Please use this identifier to cite or link to this item: https://hdl.handle.net/10356/169091
Title: Exploring barriers and enablers of self-management behaviours in patients with diabetic foot ulcers: A qualitative study from the perceptions of patients, caregivers, and healthcare professionals in primary care
Authors: Zhu, Xiaoli
Lee, Eng Sing
Lim, Phoebe X. H.
Chen, Yee Chui
Chan, Frederick H. F.
Griva, Konstadina
Keywords: Science::Medicine
Issue Date: 2023
Source: Zhu, X., Lee, E. S., Lim, P. X. H., Chen, Y. C., Chan, F. H. F. & Griva, K. (2023). Exploring barriers and enablers of self-management behaviours in patients with diabetic foot ulcers: A qualitative study from the perceptions of patients, caregivers, and healthcare professionals in primary care. International Wound Journal. https://dx.doi.org/10.1111/iwj.14153
Project: 7.1/008 
Journal: International Wound Journal 
Abstract: Diabetes mellitus (DM) is a serious threat to global health and diabetic foot ulcers (DFU) remains one of the most common complications of DM1 affecting around 20 million people annually.2 DFUs are complex to treat, take months or years to heal, and the recurrence rates remain high up to 40% within 1 year of healing.3 People with DFUs are at risk of prolonged healing times and hospitalisation, reduced quality of life4, 5 and higher five-year mortality rates.3 Moreover, DFU is a causal factor for up to 85% of patients with diabetes who subsequently undergo lower extremity amputation3, 6 and is a leading cause of global disability.2 Singapore has the highest rate of diabetic lower extremity amputation (DLEA) in the world7 because of DFU and the trend is increasing.8 Additionally, DFU is a substantial clinical and economic burden to health systems in Singapore with escalating healthcare costs corresponding to more proximal amputation levels and high re-admission rates.9 Thus, understanding barriers to managing DFU is vital for improving patient care.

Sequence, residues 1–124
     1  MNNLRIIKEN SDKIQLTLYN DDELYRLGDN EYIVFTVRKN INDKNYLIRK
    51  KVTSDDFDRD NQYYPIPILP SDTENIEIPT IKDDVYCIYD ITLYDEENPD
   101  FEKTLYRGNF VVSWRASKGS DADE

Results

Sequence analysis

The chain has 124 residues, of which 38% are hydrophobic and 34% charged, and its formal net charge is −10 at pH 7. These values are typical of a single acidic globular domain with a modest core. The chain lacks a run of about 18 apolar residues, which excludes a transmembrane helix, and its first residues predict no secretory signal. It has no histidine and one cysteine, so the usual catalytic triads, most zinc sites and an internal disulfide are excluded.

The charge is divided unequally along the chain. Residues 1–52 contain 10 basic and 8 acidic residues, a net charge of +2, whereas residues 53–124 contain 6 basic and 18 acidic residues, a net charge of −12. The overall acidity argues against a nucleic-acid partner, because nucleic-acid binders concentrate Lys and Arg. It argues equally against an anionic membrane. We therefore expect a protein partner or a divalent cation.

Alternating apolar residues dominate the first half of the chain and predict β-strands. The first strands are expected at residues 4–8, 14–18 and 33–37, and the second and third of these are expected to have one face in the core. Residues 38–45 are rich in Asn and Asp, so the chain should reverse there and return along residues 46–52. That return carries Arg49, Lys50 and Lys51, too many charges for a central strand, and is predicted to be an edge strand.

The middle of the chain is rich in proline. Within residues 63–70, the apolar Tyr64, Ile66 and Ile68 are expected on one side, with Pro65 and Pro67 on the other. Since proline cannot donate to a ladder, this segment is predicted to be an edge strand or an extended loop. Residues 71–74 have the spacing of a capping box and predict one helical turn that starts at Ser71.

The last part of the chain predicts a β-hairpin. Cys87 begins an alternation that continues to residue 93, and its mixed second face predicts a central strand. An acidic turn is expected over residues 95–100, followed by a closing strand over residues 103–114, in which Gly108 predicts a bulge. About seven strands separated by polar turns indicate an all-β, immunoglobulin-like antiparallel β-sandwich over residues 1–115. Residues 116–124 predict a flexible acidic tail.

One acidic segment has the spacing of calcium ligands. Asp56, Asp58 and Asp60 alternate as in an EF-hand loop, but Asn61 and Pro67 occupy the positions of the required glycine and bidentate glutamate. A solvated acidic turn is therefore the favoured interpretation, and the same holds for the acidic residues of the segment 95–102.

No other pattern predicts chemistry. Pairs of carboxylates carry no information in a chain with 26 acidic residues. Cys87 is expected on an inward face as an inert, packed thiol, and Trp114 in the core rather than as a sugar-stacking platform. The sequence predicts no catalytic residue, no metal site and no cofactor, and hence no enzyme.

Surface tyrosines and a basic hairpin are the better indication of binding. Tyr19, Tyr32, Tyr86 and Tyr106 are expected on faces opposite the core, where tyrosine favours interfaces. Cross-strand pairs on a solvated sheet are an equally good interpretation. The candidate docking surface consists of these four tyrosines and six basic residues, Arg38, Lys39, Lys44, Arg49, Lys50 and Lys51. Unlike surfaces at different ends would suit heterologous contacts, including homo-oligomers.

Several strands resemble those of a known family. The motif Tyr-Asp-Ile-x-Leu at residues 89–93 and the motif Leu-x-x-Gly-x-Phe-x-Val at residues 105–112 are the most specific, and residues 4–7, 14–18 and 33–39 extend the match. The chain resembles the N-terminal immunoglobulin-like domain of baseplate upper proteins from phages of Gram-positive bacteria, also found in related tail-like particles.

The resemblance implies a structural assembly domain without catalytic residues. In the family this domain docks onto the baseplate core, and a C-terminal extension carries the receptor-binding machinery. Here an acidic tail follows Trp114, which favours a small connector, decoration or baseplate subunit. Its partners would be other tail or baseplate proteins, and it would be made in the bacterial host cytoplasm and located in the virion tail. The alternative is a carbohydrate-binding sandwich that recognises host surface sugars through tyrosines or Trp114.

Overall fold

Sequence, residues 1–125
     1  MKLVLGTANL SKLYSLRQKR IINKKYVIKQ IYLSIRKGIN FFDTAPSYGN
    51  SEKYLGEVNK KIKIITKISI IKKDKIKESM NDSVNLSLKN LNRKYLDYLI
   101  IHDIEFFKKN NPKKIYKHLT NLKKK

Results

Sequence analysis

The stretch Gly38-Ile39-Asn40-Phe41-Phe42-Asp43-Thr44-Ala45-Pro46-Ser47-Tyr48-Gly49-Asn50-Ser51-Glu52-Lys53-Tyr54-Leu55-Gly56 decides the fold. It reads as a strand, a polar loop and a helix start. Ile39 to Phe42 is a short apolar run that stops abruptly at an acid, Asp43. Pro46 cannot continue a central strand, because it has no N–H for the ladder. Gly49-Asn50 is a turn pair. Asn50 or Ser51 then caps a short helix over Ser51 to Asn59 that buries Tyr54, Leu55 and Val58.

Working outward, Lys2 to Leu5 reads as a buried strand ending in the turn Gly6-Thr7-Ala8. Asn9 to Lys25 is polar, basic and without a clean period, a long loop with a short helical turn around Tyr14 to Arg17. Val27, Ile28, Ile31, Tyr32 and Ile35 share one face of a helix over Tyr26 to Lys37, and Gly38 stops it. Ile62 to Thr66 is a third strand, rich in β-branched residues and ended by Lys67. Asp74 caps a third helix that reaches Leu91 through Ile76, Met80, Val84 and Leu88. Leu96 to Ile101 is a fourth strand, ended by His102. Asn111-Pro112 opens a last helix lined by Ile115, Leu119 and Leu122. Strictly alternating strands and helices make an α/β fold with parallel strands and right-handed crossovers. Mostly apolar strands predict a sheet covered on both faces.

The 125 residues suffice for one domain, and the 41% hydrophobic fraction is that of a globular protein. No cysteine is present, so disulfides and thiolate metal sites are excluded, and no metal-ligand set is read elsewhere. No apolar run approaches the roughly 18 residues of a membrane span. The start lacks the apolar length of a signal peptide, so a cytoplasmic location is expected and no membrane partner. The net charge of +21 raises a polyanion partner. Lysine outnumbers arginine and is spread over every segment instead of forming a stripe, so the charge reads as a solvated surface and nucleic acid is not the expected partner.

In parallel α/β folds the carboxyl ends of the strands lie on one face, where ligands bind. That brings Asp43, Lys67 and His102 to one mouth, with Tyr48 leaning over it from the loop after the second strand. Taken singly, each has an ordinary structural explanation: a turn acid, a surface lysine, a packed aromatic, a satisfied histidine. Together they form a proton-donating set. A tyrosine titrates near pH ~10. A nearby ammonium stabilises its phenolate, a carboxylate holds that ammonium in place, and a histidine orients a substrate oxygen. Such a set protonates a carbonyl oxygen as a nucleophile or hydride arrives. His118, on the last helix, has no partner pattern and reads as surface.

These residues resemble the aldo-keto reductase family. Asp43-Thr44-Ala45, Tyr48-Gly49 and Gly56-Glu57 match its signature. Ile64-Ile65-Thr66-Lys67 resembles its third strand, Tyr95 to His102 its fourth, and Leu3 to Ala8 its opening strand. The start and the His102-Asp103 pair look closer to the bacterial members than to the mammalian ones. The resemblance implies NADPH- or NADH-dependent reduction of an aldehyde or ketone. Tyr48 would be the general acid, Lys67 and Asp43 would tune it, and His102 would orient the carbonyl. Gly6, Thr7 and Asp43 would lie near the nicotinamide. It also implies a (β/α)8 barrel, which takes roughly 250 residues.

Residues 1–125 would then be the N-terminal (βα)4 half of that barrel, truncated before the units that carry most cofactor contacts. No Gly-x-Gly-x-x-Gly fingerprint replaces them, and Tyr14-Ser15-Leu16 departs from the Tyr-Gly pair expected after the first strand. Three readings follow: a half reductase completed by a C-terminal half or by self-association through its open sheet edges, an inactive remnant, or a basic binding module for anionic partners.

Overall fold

URI: https://hdl.handle.net/10356/169091
ISSN: 1742-4801
DOI: 10.1111/iwj.14153
Schools: Lee Kong Chian School of Medicine (LKCMedicine) 
Rights: © 2023 The Authors. International Wound Journal published by Medical helplines.com Inc and John Wiley & Sons Ltd. This is an open access article under the terms of the Creative Commons Attribution-NonCommercial-NoDerivs License, which permits use and distribution in any medium, provided the original work is properly cited, the use is non-commercial and no modifications or adaptations are made.
Fulltext Permission: open
Fulltext Availability: With Fulltext
Appears in Collections:LKCMedicine Journal Articles

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